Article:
Give Yourself a Great GAP Year
What do Princeton, Harvard, Tufts and MIT have in common? They all encourage you to take a gap year BEFORE entering college. While this isn’t mandatory, it’s a great idea to consider. The GAP year will give you a much-needed downtime from the stresses of high school plus an opportunity to grow as a person, see new sights, discover new cultures, and learn a language and much more. Whether you volunteer, take a job or travel around the world, the GAP year can help you discover what the real world is all about.
First Things First
According to the Center of Interim Programs, a Gap year consultancy, there are some steps you must take before taking on a Gap year.
1. Secure a place in college first. Then defer enrollment for a year. This is less hectic than spending the gap year doing applications.
2. Have a plan. Set goals and create structure to prevent depressing downtime at home.
3. Research programs. If an organization can’t recommend at least two alumni to discuss their experiences, don’t sign up.
4. Respect your social needs. The year represents a break with the crowd, so it’s important to plan strategies for making new friends and staying in touch with old ones.
5. Plan ahead for health insurance. Some policies won’t cover adult-age dependents if they cease to be full-time students. Check your policy several months in advance, then explore temporary insurance if necessary.
From becoming a ski instructor to working in fashion, the Internet is filled with gap year ideas. Take Jabob Fienstein who according to USA Today, “has spent the past year doing an internship with a software start-up in New Zealand, taking cooking classes and studying filmmaking in New York City before he enrolls at Harvard University in September.”
Consider the story of Owen Henry who after getting rejected by every college he applied to, he “participated in a program for American gap-year students last fall at Oxford University, where he says he spent less than $10,000, and…decided on a career as an Arabic translator. Since March, he has been handling two tons of sail as a deckhand on the Lady Maryland, a 104-foot-long tall ship and floating classroom in Baltimore. He gets room, board and $6.54 an hour. He has saved $1,600 of this for college, and he plans to enroll this fall at Oberlin College, to which he applied and was accepted during the gap year.”
So while most experts would recommend applying to colleges during your senior year, getting accepted and then requesting a one-year deferral, the Gap year might get schools that rejected you in the past to accept you in the future.
What Are Your Options:
Travel: Many organizations offer programs with an emphasis on traveling or living
abroad. Or, you may wish to plan your own adventure.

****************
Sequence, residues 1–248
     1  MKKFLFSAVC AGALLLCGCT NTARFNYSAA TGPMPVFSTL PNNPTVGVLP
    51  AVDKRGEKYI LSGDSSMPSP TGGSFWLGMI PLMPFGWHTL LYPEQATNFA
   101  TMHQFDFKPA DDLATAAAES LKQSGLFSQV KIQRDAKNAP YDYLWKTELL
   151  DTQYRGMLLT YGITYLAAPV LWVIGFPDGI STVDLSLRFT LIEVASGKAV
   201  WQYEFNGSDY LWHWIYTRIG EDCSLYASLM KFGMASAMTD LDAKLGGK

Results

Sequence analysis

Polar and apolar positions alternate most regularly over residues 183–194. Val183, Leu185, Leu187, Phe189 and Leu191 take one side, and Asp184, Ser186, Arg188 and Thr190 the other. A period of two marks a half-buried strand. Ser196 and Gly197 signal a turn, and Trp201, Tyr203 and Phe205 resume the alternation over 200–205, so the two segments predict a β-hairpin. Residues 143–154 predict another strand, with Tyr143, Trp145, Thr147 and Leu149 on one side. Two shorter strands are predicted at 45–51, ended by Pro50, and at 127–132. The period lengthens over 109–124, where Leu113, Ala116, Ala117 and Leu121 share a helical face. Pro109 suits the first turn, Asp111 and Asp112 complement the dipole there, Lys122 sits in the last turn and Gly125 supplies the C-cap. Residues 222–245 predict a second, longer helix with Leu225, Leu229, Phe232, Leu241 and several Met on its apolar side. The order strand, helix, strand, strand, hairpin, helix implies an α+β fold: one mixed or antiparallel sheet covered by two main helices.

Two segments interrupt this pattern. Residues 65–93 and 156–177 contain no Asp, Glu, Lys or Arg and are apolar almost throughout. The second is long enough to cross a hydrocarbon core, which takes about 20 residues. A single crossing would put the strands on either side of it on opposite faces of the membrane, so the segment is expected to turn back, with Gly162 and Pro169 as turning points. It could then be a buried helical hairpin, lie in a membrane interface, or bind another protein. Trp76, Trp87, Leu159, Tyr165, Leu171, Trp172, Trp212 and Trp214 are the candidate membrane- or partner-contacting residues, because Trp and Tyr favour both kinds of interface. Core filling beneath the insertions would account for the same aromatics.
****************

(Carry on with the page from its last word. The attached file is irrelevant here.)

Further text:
Internships: Spend some time working in a career field that interests you. If you enjoy it, you’ll have even more incentive to succeed in your chosen college major. If it’s not the field for you, you’ll still have plenty of time to explore other career opportunities.
Volunteer work: You can find volunteer programs both in the U.S. and all over the world. You could build houses, work with children, work on environmental projects, or a host of other activities.
Academics: Students who are not pleased with their high school records might consider a postgraduate (PG) year. The goal for a PG year is to strengthen your academic record in the hope of gaining entry to a better college.
Work: Whether you find a job at home or away, a year of work can give you extra funds to pay for college, plus valuable, real-life experience.
Source: National Association for College Admission Counseling.
They say that before you can help someone else, you have to help yourself. If you’re planning on becoming a volunteer during your Gap year, do it in an area that’s related to your future career choice (if you already know). For example, someone who wants to major in Fashion Design or Fashion Merchandising might benefit at studying at the Florence Institute of Design International or teaching fashion technology to impoverished children in South Africa.
A nursing major or someone who plans on attending medical school might benefit from the medical and nursing work experience placements by Gap Medics. After an intensive preparation, participants gain on-the job training as well as making a real contribution to communities in Namibia, Nepal and Tanzania.
What makes sense is to think of how your gap year experience might benefit you in the future. With that said, some gap year participants do choose to spend their time becoming ski/snowboard instructors (takes about 11 weeks to earn a level 1 certification) or engage in other activities that might not look that great on a resume but might help them make extra money, find themselves, improve social skills, and have a great time.
Learning a Language
Did you know you can earn college credits BEFORE going to college? The gap year might be the perfect opportunity to learn a foreign language while living in a foreign land. For example, at the BLCU Chinese Immersion Program more than 10,000 students learn Mandarin every year. The advantages of knowing a second or third language are many, being bilingual or trilingual looks great on a resume, can help you get jobs at global corporations or even work in foreign countries after graduation.
According to the National Center for Education Statistics, 30% of freshmen in U.S. four-year colleges and universities drop out before the sophomore year. Part of that is because they get themselves burned out, they weren’t ready for college or didn’t have the maturity level that college demands. Because of this, the gap year can be seen not as an expense but as an investment in the future success of the college student.
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